Margavatara, Mārgāvatāra, Marga-avatara: 1 definition


Margavatara means something in Buddhism, Pali. If you want to know the exact meaning, history, etymology or English translation of this term then check out the descriptions on this page. Add your comment or reference to a book if you want to contribute to this summary article.

In Buddhism

Mahayana (major branch of Buddhism)

[«previous next»] — Margavatara in Mahayana glossary
Source: A Study and Translation of the Gaganagañjaparipṛcchā

Mārgāvatāra (मार्गावतार) refers to “entering into the (noble eight-fold) path”, according to the Gaganagañjaparipṛcchā: the eighth chapter of the Mahāsaṃnipāta (a collection of Mahāyāna Buddhist Sūtras).—Accordingly, “What then, the son of good family, is memory (dhāraṇī)? [...] (16) knowledge on the miraculous plays by the bases of supernatural power; (17) knowledge of the diversity of their abilities; 18) unshakable knowledge which is established in power; (19) penetrating the [seven] limbs of awakening; (20) knowledge without contradiction; (21) knowledge of the basis that is the entering into the [noble eightfold] path (mārgāvatāra); [...]”.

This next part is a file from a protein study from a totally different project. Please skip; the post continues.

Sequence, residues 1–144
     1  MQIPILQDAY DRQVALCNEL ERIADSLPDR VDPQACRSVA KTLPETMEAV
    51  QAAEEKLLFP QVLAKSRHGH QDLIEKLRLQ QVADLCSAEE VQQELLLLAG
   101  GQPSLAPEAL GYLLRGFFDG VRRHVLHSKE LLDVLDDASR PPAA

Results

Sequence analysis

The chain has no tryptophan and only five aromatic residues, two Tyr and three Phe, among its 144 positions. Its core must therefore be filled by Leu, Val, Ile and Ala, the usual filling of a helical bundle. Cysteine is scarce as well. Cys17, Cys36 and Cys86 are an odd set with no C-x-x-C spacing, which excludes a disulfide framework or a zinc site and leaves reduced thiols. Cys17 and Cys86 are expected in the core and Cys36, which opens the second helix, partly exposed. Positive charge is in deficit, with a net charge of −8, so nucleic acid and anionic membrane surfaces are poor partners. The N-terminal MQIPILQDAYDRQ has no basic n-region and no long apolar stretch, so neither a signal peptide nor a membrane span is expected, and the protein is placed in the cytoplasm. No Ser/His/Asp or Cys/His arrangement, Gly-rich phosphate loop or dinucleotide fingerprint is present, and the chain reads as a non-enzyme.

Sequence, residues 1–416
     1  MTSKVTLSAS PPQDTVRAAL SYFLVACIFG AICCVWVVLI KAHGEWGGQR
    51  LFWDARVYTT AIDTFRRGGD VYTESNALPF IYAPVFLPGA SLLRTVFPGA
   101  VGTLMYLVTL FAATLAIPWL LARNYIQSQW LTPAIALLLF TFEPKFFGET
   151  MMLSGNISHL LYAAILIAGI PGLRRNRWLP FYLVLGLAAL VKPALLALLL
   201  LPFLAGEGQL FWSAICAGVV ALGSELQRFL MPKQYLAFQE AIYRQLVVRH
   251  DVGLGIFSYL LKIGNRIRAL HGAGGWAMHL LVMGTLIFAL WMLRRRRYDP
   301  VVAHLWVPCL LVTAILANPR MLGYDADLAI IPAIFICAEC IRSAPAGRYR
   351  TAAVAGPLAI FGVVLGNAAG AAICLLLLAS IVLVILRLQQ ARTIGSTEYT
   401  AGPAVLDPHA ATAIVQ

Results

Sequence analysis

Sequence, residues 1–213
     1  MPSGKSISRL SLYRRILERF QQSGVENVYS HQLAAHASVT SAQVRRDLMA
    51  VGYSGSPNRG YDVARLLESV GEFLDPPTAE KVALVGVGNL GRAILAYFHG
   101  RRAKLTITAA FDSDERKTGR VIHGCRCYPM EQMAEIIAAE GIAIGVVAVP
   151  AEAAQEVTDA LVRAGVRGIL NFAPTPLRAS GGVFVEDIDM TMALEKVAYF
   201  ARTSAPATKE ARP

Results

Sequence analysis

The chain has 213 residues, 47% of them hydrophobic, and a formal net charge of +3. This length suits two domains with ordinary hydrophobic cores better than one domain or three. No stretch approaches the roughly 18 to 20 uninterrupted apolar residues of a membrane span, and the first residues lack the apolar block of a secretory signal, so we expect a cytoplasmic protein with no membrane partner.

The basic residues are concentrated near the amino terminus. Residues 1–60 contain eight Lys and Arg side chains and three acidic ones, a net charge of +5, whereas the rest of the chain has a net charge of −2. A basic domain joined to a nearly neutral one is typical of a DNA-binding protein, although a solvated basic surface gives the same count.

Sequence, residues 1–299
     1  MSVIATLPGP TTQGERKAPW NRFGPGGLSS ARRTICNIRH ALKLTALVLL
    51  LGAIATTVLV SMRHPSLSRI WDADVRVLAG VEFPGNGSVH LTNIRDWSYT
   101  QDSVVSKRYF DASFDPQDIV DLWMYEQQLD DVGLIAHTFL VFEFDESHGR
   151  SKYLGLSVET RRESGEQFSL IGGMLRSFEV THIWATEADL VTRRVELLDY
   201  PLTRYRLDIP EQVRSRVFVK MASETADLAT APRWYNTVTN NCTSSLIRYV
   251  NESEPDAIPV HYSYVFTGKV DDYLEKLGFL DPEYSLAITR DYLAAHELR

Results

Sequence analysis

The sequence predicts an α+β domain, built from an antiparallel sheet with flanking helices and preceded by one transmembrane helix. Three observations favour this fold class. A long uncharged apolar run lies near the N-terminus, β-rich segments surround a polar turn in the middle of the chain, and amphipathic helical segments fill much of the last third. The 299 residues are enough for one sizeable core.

Mahayana book cover
context information

Mahayana (महायान, mahāyāna) is a major branch of Buddhism focusing on the path of a Bodhisattva (spiritual aspirants/ enlightened beings). Extant literature is vast and primarely composed in the Sanskrit language. There are many sūtras of which some of the earliest are the various Prajñāpāramitā sūtras.

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